Medellin has one of my favorite metro systems in the world. It’s definitely the most modern and one of the best you’ll find in South America for getting around the city, but what makes it one of my favorites in the world are the cable car sections. The continually expanding system of cable cars takes you on scenic trips over the city for the low price of a metro ticket. It’s unlike anything I’ve seen anywhere.
Medellin is filled with favelas covering the mountainous city. While transportation used to be a nightmare for locals living here, the city has completely changed this. Now, you have brand new, top of the line cable cars crossing up and over everywhere in Medellin. And some of these lines go on forever, making it an incredible ride above. I highly recommend taking all the cable lines for the ride, views and to see the colorfully vibrant sections of the city you wouldn’t be able to see in any other city like it.
4. Plaza Botero is an interesting area of juxtaposition
Plaza Botero centers the most active part of the city in the heart of the Old Quarter. This 7,000 meter outside park is always filled with people and is most known for its 23 sculptures by Colombian artist Fernando Botero on display. Not many cities are connected to an artist like Medellin is, but Botero’s full-figured, and sometimes cartoonishly fat, sculptures have become a symbol of the city. You also have the Museum of Antioquia here, so this area is a top destination for tourists, but the location and Parque Berrío Station brings a ton of local foot traffic too.
It’s one of the best areas for street photography in the city if you want activity, but it also provides in an interesting mix. While the Plaza is very nice and you’ll see plenty of families and tourists, you’ll also see plenty of prostitutes throughout. To one corner by a church, you’ll run into a red-light district too, where it can feel seedier, but not dangerous. Police are everywhere here, but you don’t want to take photos of certain people. There’s a mix of character in this area that is interesting for exploring with your camera. Some of it is really nice, while other areas are a little edgy. With endless shopping streets and attractions, it’s kept relatively safe for the many visitors too. And for street photography, starting at Plaza Botero and exploring around down to San Antonio is one of the most interesting walks you’ll find in Medellin.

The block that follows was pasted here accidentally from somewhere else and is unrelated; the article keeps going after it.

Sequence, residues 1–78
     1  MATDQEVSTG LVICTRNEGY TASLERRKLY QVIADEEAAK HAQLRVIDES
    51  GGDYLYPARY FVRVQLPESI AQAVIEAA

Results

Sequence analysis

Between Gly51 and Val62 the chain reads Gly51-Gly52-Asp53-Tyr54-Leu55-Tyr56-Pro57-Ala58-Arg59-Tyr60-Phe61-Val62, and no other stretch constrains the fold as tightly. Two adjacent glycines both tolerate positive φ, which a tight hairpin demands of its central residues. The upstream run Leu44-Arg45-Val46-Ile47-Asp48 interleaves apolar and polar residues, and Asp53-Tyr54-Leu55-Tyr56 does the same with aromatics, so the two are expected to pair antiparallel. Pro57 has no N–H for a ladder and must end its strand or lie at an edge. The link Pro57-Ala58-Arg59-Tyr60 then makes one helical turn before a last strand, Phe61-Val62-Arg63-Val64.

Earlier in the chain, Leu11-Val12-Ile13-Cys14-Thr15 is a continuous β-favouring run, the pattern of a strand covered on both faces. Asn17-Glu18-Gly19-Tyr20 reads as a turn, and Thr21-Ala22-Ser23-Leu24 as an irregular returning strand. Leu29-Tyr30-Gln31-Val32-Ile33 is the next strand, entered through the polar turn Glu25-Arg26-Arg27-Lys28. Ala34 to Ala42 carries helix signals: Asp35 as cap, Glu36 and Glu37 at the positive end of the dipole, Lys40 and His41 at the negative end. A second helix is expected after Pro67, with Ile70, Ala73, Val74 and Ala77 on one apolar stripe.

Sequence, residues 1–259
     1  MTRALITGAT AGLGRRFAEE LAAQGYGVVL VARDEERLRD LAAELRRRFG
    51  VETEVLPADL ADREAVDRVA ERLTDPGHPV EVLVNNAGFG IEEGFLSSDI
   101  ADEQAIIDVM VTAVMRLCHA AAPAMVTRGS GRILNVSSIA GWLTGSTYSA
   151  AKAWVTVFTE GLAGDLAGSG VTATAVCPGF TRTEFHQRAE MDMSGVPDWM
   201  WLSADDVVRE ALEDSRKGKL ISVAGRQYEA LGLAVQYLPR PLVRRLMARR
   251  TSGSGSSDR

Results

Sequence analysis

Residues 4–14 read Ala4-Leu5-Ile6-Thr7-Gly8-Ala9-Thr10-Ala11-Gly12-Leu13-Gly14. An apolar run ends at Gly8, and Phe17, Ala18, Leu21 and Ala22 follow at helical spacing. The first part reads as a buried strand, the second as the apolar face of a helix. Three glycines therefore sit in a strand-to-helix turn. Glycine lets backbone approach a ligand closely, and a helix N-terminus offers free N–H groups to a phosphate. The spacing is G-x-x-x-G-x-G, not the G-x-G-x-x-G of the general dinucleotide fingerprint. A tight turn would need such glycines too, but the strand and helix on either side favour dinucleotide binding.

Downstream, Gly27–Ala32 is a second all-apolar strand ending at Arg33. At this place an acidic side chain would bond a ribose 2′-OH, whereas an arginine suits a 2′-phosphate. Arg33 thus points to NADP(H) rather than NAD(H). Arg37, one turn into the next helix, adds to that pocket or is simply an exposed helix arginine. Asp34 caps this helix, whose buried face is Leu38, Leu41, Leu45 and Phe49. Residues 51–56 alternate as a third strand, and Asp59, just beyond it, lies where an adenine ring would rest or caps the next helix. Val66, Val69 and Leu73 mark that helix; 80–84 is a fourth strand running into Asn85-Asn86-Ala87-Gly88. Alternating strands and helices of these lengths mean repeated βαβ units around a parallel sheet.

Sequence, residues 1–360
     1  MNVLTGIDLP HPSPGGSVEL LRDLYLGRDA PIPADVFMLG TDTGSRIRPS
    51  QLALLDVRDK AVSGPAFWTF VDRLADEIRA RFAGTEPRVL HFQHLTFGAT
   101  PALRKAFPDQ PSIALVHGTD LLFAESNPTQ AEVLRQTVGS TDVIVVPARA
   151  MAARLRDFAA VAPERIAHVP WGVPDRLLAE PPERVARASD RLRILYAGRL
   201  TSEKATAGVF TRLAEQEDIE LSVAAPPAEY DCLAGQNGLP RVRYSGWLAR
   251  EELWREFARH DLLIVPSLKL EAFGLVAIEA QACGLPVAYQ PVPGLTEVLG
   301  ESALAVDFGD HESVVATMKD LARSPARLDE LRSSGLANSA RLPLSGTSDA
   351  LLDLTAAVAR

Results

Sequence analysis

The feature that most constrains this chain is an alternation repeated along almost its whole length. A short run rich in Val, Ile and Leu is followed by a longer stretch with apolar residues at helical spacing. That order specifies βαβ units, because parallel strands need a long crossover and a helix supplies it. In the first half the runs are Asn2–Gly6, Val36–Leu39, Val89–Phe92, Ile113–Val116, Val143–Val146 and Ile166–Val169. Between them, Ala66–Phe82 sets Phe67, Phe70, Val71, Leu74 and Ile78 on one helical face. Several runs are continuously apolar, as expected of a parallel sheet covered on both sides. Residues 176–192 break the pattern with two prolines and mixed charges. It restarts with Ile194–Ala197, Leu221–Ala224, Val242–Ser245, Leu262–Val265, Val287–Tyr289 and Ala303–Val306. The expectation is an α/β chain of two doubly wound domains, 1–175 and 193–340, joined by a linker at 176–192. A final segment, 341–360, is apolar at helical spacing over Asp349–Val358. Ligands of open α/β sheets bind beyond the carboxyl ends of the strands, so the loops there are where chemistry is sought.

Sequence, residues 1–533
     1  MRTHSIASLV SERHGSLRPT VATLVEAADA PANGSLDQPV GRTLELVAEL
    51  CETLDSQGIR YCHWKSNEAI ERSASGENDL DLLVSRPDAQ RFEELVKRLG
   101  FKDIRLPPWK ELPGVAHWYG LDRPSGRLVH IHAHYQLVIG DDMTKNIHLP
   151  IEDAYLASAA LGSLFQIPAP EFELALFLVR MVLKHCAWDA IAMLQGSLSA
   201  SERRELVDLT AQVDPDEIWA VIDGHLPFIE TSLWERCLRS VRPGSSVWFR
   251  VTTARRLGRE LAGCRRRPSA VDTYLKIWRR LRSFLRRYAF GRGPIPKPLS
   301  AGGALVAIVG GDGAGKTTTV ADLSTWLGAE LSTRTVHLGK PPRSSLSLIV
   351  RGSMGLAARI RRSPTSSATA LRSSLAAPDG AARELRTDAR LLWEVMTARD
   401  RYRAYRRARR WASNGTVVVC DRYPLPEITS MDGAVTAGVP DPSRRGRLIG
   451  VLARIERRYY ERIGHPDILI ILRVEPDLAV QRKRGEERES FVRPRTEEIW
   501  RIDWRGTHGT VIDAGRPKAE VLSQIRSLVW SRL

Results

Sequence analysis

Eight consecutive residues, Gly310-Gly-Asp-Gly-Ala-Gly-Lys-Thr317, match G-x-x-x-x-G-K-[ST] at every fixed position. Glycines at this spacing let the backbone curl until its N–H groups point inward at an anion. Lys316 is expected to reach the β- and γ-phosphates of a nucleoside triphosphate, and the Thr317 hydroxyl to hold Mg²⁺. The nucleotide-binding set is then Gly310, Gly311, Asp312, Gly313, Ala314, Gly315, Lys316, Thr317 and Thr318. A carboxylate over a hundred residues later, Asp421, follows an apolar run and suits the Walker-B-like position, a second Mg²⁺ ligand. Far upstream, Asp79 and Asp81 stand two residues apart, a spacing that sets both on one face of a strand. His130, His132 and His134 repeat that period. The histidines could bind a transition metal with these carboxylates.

5. Comuna 13 is one of the more unique spots you’ll find anywhere
Comuna 13, also known as San Javier, was once known as arguably the most dangerous community in the world. The poor, over-populated favela stacked up Medellin’s west hills by the main highway was a perfect location for drug trading and gang activity. Since the days of Pablo Escobar, this was the center of drug cartels and rebel forces in Colombia. Today, though, it’s seen a dramatic and successful push for urban renewal. Over the last decade, Comuna 13 has transformed from a place no one would dare come to into a popular tourist attraction. A center for creativity now, the walls are covered in street art and the crime has dropped significantly. Even more unique is how the city built a continuous set of outside escalators up the hills, making the residents commute much easier. It’s not like anything you’ll see anywhere.
The area is still not completely safe, but around the escalators there’s always security for the many visitors. You can explore the nearby streets here without much worry, although most travel here in groups. I came alone and explored much further, around and to the very top. It’s a very interesting, character filled area to explore, along with some of the most incredible views of the city you’ll find, but I wouldn’t recommend exploring as much as I did. I did run into some trouble at the top with a local gang. I got away, but I was lucky enough to be a step ahead or it could have been different. Still, staying near the escalator provides plenty of interest for street photography on its own, while being safe, and is a must visit in Medellin for its uniqueness.